Modeling Stationary Power for Heavy-Duty Trucks: Engine Idling vs. Fuel Cell APUs 2004-01-1479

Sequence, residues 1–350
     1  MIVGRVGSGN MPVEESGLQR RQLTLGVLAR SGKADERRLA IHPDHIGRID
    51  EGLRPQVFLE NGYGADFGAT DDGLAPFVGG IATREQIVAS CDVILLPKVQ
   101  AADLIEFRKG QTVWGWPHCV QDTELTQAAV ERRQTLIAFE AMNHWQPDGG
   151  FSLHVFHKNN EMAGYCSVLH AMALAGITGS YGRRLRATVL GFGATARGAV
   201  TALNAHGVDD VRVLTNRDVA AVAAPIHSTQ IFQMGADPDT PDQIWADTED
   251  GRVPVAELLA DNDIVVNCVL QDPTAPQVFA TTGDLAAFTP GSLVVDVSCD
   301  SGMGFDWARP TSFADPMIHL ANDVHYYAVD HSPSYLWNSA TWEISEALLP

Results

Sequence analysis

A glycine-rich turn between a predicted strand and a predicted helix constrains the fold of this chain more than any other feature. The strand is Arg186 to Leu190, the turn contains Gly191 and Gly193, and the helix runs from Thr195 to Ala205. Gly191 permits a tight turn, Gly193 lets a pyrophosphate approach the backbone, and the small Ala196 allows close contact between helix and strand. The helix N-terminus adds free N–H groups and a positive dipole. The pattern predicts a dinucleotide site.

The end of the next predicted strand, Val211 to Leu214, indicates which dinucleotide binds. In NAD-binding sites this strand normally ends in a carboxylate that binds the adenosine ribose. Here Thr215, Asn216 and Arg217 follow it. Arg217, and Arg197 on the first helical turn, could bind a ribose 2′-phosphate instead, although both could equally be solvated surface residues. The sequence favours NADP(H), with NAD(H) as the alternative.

Line-haul truck engines are frequently idled to power hotel loads (i.e. heating, air conditioning, and lighting) during rest periods. Comfortable cabin climate conditions are required in order for mandatory driver rests periods to effectively enhance safety; however, the main diesel engine is an inefficient source of power for this conditioning. During idle, the diesel engine operates at less than 10% efficiency, consuming excess diesel fuel, generating emissions, and accelerating engine wear. One promising alternative is the use of small auxiliary power units (APUs), particularly fuel cell-based APUs. The Institute of Transportation Studies (ITS-Davis) developed an ADVanced VehIcle SimulatOR (ADVISOR)-based model to quantify the costs and benefits of truck fuel cell APUs. Differences in accessories, power electronics, and control strategy between the conventional engine idling and APUequipped systems are analyzed and incorporated into the model. A case study of a diesel-reformer solid oxide fuel cell (SOFC) APU system retrofit on a Class 8 linehaul truck is presented here. We sized a SOFC for heavy duty truck APUs to have a power output of 4 kW (net) electric. The modeled SOFC system was found to have an efficiency of about 30-35% efficient and consume about 0.14-0.17 gallons of diesel fuel per hour. The fuel savings resulting from replacement of avoidable idling are estimated at 3-8% of total vehicle energy use. For trucks that idle 10 hours or more daily, overall fuel consumption would be reduced by about 5-12%.